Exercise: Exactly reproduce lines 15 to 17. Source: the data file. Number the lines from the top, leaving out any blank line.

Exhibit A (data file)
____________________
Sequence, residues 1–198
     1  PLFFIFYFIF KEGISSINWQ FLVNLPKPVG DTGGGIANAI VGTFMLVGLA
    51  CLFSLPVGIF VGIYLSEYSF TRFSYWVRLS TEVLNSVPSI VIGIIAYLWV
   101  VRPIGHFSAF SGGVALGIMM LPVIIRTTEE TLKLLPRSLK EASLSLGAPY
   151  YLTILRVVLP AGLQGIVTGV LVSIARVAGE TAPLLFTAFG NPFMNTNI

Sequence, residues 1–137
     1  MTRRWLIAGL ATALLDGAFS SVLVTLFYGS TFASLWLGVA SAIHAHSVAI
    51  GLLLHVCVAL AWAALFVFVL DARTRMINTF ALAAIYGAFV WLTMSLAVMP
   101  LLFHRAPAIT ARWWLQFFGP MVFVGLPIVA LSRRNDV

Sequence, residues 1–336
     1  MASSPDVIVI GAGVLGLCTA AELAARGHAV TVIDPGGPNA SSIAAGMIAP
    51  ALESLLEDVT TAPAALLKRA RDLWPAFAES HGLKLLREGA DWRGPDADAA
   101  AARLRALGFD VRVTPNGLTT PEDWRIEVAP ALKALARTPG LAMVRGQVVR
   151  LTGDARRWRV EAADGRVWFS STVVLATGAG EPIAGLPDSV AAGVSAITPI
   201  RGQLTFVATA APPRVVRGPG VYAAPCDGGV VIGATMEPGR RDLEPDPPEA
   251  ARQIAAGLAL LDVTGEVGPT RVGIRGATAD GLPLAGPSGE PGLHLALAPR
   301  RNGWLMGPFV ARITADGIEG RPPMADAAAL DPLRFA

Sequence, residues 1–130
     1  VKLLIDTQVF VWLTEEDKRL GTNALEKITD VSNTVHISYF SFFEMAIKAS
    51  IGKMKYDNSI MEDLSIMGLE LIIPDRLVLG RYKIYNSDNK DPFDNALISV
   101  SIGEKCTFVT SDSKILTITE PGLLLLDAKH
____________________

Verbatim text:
   201  RGQLTFVATA APPRVVRGPG VYAAPCDGGV VIGATMEPGR RDLEPDPPEA
   251  ARQIAAGLAL LDVTGEVGPT RVGIRGATAD GLPLAGPSGE PGLHLALAPR
   301  RNGWLMGPFV ARITADGIEG RPPMADAAAL DPLRFA